I like Tamko heritage and GAF Timberline. In my area GAF just raised their prices by about 15%, and they are now the highest priced shingles on the market by about $5 a square.

In my area metal valleys are not typical with 30 year shingles. We usually install what is called closed cut valleys. We typically install metal valleys on cedar, slate, tile and very very heavy shingle roofs.

You should have ice shield installed at the gutter lines, valleys, and around any problems areas like chimneys and sky lights. The goal at the gutter lines is to get the ice shield at least 1 1/2' past the warm wall. If you have a 1' over ahng 3' of ice shield should be enough on most slopes. If you have a 23' overhang and very steep roof, you should have 6' of ice shield installed. Also proper ventilation will reduce the heat build up in your attic and that will reduce ice damns.

30# is better than 15#. First the paper is thicker in the 30 also more asphalt is used in the 30. Literally the 30 costs twice as much but we are talking less than $5 a square!!!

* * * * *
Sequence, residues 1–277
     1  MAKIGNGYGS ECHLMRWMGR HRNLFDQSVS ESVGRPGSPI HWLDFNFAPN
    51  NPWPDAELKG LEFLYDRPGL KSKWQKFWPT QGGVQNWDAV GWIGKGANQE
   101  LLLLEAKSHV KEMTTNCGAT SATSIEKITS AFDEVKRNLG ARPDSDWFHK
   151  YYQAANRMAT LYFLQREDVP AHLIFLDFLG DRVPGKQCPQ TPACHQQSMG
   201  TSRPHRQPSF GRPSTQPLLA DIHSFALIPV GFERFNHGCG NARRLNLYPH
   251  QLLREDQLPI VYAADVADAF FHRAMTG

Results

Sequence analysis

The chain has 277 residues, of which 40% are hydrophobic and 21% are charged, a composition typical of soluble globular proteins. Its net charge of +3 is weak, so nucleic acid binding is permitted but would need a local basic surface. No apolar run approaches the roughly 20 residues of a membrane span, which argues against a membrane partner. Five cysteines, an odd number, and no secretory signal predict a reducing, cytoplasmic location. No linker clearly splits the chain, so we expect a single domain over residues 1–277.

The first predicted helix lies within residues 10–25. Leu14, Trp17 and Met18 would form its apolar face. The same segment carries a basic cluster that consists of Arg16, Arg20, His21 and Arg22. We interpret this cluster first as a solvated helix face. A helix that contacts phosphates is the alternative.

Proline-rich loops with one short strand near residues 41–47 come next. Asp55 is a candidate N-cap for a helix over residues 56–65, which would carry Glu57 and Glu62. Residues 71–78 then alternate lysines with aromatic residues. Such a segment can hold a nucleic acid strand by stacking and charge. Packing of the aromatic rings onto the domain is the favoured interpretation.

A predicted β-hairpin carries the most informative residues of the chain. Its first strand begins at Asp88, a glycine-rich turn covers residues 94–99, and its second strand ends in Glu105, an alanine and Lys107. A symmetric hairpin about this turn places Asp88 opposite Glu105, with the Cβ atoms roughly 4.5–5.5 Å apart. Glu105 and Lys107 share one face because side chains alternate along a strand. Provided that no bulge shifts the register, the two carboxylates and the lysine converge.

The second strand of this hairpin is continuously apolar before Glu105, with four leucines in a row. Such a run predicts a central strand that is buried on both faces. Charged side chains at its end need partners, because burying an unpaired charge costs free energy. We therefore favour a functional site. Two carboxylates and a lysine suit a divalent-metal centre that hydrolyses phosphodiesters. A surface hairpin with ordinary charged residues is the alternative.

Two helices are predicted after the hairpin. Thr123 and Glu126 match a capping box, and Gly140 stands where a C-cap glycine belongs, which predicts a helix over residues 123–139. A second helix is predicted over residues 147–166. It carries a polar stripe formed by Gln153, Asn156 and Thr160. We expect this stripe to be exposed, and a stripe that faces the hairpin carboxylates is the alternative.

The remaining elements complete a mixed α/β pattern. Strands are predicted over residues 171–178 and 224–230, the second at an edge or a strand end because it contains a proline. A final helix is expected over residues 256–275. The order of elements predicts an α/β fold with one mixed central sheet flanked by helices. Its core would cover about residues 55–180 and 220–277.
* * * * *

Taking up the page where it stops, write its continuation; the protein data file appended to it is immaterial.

I wouldn't say you shouldn't trust the lowest bid. It really matters who you've choosen to bid the project. Home Depot costs wice as much as I cost in my area and I aint cheap! I'm usually in the middle but there are quite a few guys who charge more than me and if I bid against them I end up being the cheapest sometimes. I still believe in quality and would never dream of doing anything half assed. Just follow the links I posted above.

Man I gotta start charging for this free consulting :)
 

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Discussion Starter · #3 ·
Grumpy said:
Yay a roofing question! Are ya anywhere near chicago ;) www.reliableamerican.us :)